Cab company drives local economy

The Upper Peninsula houses more than one fourth of Michigan’s total land area and getting from one town to the other can be quite the haul. One local business is helping make up the difference. ABC 10’s Rick Tarsitano has that story.

The latest offering from Checker Transport: a pedal powered trolley

Taxis are usually synonymous with loud, impatient driving, unfriendly faces, and a patchwork of unsettling odors, but Checker Transport Cabs curb all that. The company’s eco-friendly vehicles arrive in near silence with pristine seating that is thoroughly cleaned after each route.

Jesse Schramm bought the Checker Cab name and number five years ago, when their service was limited to the city of Marquette as a sedan point-to-point company. But, given the vast nature of the region, Schramm quickly expanded Checker Cab’s scope to include Ishpeming, Negaunee, and eventually the entire U.P.

And while the quantity of his fleet began to increase, the quality never suffered. Drivers still maintain a close-knit relationship with their riders.They chat about each other’s lives, exchange tales and goodies for the road, and most importantly, listen and adhere to their clients’ needs.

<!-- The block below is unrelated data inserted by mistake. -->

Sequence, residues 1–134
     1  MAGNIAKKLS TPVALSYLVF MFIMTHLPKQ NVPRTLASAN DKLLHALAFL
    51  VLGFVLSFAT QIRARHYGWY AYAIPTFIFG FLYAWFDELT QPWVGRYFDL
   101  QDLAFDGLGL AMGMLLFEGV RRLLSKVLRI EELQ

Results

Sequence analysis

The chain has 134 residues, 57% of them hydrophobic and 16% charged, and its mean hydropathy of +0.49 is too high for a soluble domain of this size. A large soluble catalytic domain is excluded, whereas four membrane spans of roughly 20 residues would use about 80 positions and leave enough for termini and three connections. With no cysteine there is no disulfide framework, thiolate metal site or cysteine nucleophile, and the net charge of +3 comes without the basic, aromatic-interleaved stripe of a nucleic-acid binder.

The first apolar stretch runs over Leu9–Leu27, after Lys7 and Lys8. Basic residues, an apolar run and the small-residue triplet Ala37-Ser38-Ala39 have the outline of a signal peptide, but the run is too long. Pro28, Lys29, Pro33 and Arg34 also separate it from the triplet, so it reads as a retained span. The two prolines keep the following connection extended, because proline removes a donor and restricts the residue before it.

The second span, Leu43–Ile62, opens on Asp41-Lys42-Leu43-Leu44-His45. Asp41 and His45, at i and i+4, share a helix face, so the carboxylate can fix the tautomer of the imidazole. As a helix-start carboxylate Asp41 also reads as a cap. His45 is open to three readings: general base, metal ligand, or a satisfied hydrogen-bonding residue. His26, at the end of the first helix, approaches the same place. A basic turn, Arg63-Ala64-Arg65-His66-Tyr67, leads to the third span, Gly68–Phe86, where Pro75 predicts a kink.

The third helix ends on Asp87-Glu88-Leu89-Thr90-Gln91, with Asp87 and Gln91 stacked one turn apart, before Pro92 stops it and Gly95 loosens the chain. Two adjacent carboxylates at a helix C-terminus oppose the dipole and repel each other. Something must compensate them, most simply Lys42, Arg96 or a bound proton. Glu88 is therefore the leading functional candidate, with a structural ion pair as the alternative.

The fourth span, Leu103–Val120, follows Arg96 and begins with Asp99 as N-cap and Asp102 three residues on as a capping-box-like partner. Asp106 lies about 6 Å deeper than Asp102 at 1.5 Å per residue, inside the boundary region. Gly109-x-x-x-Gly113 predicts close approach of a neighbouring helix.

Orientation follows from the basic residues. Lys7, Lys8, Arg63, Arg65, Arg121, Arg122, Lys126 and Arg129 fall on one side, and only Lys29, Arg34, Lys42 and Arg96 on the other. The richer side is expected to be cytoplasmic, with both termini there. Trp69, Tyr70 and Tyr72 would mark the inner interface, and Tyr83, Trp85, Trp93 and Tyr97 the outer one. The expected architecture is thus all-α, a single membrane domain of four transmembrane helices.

“We were approached by a client that needed a specific bus size and asked if we ever considered going into busing. We hadn’t,” laughed Schramm. “So, we started with one bus and about two years after that we had fifteen buses.”

Buses that go as far as Detroit, Chicago, New York, and even San Antonio.

“Nobody was doing that in this area, or it’s been long gone. People were only doing casino tours. We already had the equipment, so it made sense to go into tours and offer people in the U.P. experiences that they might not otherwise be able to afford or do through air travel or other expensive means,” Schramm added.

Now they have their own tour division that helps groups plan trips to places all over the map like Lambeau Field.

Schramm’s hunger to build didn’t end there. He continued to improve the business by adding cutting edge party buses, limousines, and most recently, a state of the art pedal powered trolley.

Their arsenal blossomed at such a rapid rate that they were forced to move into a larger facility. But, no matter how big they get, every city in the U.P. will be taken care of. Even though Schramm has an empire that stretches from Ironwood to the Mackinac Bridge, he’ll continue to think outside the box, not allowing his rolling stone to gather any moss.

“A lot more expansion? Hopefully, but I don’t think so. We’re close to where we want to be. A three to four motor coach operation with decent volume that supplies some good local jobs for some good people.” noted Schramm.